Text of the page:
You know, Aston Rowant is a lovely place to work. Once you remember the parking and meeting place (one of four if you count Hill Farm), that is. Once I got it wrong and wandered around those hills and combes for ages until a wisp of smoke lazily and brokenly climbing skywards gave me a clue. Getting a bit closer loud voices, bursts of laughter and scattered conversation told me I’d found the right place.
Okay there is a lot of heavy scrub bashing that doesn’t suit everyone. But we have done other things, nervously weeding round a rare juniper tree, herding sheep, fixing gates and fences….Well I like scrub bashing so there. This is why. Just like ragwort pulling you make a cleared path through the mass of bramble and then work round to form a sort of island. Once you have this you have a workable chunk that breaks off a bit of the huge ocean of green and brown and flecks of orange and black before you. This gives you a feeling you are making progress and psychologically you are spurred on. It’s as much in the mind as the hands, arms and legs. Well more on that theme another time.
Talking about those hillside scrub colours takes me on to the views. Wherever you work at Aston Rowan, being on the Chiltern escarpment, way up above the monotonous hum of the passing traffic on the M40 below you, those views stretch out before you. Wheatley miles away, the villages, Lewknor and others, maybe a whitish blob of Oxford. 7, 8, maybe even 10 miles or more of blue and grey and pink and green, triangular bits of yellow rape in season, squashed splashes of regular sided green polygons, pressed dark brown blodges of linear hedges.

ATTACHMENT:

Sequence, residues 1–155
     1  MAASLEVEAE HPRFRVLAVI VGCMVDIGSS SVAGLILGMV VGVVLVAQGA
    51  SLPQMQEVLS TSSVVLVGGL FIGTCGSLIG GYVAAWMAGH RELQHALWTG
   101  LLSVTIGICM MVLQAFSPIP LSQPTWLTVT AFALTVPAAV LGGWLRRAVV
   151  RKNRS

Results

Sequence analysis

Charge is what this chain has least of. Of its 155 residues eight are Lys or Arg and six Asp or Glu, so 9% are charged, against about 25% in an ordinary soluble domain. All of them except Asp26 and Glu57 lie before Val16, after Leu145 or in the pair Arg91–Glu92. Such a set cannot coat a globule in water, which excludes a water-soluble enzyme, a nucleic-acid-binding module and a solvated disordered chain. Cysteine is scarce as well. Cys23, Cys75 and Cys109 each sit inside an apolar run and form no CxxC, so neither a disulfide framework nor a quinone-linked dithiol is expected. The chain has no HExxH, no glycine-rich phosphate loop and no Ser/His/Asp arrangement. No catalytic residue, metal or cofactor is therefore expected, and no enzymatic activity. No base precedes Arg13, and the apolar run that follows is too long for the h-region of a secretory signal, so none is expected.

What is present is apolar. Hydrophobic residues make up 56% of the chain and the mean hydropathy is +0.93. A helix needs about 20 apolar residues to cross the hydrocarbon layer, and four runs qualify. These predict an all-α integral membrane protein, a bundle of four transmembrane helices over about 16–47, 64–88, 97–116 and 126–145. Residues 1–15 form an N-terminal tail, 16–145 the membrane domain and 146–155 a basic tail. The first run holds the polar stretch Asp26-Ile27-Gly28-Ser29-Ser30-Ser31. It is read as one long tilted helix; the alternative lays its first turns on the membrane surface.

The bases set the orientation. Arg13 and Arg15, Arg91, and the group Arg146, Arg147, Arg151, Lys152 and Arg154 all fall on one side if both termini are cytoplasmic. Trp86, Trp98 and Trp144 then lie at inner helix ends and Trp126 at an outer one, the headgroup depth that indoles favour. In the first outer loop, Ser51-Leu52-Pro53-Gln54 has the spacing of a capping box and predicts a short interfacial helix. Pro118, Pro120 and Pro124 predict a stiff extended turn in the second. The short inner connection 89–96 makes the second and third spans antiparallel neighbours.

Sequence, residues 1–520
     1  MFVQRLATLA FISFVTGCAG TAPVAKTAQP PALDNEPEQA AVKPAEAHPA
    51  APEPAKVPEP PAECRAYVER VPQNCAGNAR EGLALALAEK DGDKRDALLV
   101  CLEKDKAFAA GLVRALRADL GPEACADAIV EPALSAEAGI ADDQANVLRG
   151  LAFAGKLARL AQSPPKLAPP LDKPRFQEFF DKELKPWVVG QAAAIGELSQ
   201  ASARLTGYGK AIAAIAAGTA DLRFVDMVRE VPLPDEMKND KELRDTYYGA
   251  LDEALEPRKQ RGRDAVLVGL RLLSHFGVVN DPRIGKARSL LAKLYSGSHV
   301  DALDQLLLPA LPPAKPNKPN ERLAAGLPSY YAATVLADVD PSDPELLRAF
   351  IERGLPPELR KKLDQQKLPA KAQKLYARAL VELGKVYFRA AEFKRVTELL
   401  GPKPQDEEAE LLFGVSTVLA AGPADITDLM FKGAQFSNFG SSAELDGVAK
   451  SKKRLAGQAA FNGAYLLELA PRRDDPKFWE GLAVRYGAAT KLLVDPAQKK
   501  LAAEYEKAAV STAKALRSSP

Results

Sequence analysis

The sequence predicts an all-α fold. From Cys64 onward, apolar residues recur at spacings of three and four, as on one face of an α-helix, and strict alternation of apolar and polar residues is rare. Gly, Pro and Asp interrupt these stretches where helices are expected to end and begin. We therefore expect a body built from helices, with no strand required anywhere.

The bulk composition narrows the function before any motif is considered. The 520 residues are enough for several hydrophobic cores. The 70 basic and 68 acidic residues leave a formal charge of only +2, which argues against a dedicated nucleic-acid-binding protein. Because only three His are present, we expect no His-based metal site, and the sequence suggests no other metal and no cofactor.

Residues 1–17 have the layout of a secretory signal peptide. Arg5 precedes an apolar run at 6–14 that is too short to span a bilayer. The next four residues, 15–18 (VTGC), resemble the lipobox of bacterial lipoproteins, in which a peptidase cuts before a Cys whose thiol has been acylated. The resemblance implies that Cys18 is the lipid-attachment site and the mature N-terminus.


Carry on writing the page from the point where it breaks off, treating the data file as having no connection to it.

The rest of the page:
Blue? Yes indeed. Do you remember that play ‘Blue Remembered Hills’ by Dennis Potter broadcast on TV in 1979? It is a piece about childhood joys and hidden tragedy and growing up in the English countryside, scenes frozen in time. He takes his title from the A E Houseman poem ‘The Shropshire Lad’ (1896) and I quote
‘Into my heart on air that kills
From yon far country blows:
What are those blue remembered hills,
What spires, what farms are those?
This is the land of lost content,
I see it shining plain,
The happy highways where I went
And cannot come again.’
As you look and look and look the greys and blues rise above the greens, yellows and browns the further out you try to discern the distant horizon. And I haven’t even got started on word painting the clouds. Colours and paints and catching the light it all seems to float through my head as I pause in my bramble slashing, resting and catching my breath.
I did go on a short water colouring course a year or two back, how good was that! In my paint box all those colours again but how to match them up to what my eyes tell me is out there? But they are not red, orange, blue etc oh no much too straightforward. We have Prussian Blue, Cobalt Blue, Yellow Ochre, Hooker’s Green a dozen or more all different. My tutor goes through the starter techniques of wet on wet wash with the paint running down the page slowly and gently letting the colours merge just as they do in nature. I splodge and daub with the best of ‘em but does it look like a landscape ,or does it look like a heavy handed crude scrawl, to be kind call it ‘primitive’? You bet.
But wait, we are homing in on one colour, Payne’s Grey (named after an 18th century colourist called William Payne). Described as ‘dark blue-grey used as a mixer in place of black’ you can with care and some judicious mixture of other hues use it for the whole painting. It’s amazing, who would credit it? For white leave a portion of your paper unpainted.
So mix in a little Ultramarine for a slightly lighter shade then a little Burnt Sienna or Yellow Ochre to catch the earth and light over the mountains as we come closer in. Strange to tell, Burnt Sienna is given as ‘anhydrous iron oxide with brown natural earth pigment’. Our paints are drawn from the natural world and pass through hand, brain and eye to show in cartoon form the world from which they spring. Powerful stuff, eh!
Lunch break and we flop down to munch our sandwiches. I look out over that marvellous view. Now why did I forget to bring my drawing pad, a set of paints, some water a brush or two and, not to miss out a tube of Payne’s Grey.